The Joys of Dredging

by Peggy Williams

I don't remember using that dredge very often. Finally it rusted so badly it nearly disintegrated.

A few years ago, Ken and Gladys Fehling gave me a dredge, nearly identical to mine, which he had made when they lived in Andros in the Bahamas. Gladys didn't swim, so they used it quite a lot to find shells in the shallow grass flats between the main island and the keys offshore. They were quite successful, I gather. Ken's dredge was stainless steel, which didn't rust, a great asset as far as I was concerned. Instead of arms making the "V" he attached a chain to the six-inches sides to help keep the dredge on the bottom. The rope attached to the chain.

I never managed to use that dredge in Sarasota waters, but I did use it several times. I took it to Mexico the first time I went to Baja California and we hired a guy with an 18' open boat called a "panga" to take us to some outer islands in the Sea of Cortez off La Paz. He was strong and willing, so we dredged a little inside the islands. Again we were in sand, but we managed and hauled about three times, finding almost nothing each time. Finally we gave up. We did better when we spotted a shrimp boat and went over to it. The guys on the boat looked around and found some shells that had come up in the hauls. We got some very nice specimens from them for almost nothing. I'm sure they were amused at the Americans who wanted these useless things.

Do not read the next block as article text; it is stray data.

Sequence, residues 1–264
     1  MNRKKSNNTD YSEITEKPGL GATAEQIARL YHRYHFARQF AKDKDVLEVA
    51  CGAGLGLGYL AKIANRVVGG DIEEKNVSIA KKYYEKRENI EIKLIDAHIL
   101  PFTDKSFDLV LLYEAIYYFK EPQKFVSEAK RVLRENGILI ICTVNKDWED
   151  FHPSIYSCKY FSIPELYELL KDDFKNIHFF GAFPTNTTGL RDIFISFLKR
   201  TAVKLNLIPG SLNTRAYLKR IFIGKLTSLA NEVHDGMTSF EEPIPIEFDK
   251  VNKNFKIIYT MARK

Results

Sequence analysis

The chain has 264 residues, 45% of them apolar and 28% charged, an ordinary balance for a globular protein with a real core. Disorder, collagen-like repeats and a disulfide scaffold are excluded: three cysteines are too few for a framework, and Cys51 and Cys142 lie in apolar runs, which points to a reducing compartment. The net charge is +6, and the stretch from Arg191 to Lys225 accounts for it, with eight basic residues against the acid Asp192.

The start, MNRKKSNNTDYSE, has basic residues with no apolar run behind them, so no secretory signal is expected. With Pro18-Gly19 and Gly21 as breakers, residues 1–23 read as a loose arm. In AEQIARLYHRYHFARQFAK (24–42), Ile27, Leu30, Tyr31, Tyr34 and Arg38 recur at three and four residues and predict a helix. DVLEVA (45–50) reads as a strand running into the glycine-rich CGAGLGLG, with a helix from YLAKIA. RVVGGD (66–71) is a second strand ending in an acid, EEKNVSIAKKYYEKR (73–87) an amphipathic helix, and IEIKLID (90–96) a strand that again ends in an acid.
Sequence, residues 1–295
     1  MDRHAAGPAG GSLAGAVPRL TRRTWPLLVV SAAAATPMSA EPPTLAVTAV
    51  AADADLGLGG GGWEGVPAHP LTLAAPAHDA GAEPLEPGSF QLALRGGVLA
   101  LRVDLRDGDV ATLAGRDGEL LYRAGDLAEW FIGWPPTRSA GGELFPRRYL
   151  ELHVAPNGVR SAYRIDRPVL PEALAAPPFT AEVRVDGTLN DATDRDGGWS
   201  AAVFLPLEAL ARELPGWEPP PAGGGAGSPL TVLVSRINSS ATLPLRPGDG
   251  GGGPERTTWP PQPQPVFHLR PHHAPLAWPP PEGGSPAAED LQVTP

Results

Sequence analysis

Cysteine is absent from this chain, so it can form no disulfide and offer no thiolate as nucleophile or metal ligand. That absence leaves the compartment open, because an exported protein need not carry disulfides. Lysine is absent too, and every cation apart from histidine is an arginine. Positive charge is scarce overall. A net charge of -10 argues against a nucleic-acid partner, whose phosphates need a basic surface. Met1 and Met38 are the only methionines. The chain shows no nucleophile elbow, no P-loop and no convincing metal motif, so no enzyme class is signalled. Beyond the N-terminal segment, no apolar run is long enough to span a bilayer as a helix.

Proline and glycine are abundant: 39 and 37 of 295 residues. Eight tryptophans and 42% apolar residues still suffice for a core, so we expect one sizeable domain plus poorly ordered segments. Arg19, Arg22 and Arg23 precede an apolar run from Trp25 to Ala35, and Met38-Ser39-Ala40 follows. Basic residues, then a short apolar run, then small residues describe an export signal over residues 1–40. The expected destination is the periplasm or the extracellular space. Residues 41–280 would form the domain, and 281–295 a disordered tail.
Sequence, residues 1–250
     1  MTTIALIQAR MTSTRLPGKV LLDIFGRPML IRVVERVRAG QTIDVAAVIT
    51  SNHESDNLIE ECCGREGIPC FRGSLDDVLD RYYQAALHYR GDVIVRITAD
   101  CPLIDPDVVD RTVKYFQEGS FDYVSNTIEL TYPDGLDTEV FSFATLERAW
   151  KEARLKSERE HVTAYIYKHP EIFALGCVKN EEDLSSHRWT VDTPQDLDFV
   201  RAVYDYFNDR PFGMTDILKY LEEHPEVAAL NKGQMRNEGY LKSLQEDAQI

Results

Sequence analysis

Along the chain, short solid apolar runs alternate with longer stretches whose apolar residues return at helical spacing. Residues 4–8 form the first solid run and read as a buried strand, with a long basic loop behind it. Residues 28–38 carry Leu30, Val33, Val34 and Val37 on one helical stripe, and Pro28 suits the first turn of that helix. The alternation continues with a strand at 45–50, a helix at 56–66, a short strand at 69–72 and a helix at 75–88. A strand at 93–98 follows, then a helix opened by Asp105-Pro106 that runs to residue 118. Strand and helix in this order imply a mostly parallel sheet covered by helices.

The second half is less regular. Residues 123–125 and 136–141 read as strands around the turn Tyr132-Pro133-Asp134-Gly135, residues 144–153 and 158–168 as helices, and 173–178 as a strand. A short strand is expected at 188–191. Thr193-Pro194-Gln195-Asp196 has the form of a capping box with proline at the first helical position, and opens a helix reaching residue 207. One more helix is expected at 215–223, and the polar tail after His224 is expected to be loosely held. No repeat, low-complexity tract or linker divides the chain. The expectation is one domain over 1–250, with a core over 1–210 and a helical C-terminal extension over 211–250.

Ken's dredge next travelled to Panama. I was visiting Jimmy Ernest, who is a shell dealer and does a lot of dredging in western Panama, in the Pacific. However, this time we wanted to dredge in the Caribbean, and I brought my dredge, since his was out on "the Island" - very remote.

We went to a relatively unpopulated area, down horrible dirt roads to a small village where Jimmy knows several people. After a lot of hemming and hawing we found someone willing to take us out in his boat. We dredged very close to shore but in about 30 feet of water near a dropoff and found quite a few species, including a gorgeous member of the murex family, Typhis perchardei, some cones, olives, and many bivalves.

We all started out walking the beach looking for shells. Then we graduated to wading in shallow water for better, live specimens. Some of us began snorkeling, then scuba diving for shells that can't be found by wading and looking in lobster and crab pots for trapped shells. The next step is dredging in deeper water.

Sounds like fun? Think again!

First, you need a dredge. My husband made me one years ago from plans I found in a shell book and talks I had with other shell collectors. It was about two feet deep, 18 inches wide, and six inches in height. It was made of wire mesh on an angle-iron frame and had to be welded. There were two arms coming from the six-inch sides making a "V" to which we attached the rope. Depending on the depth at which you wanted to dredge, you needed at least 100 feet of rope, three to four times the depth of the water.

Next, you need a boat. We had one: a 21' Mako open fisherman, a pretty good boat for dredging as long as the water is pretty calm (don't bother if the waves are high at all!)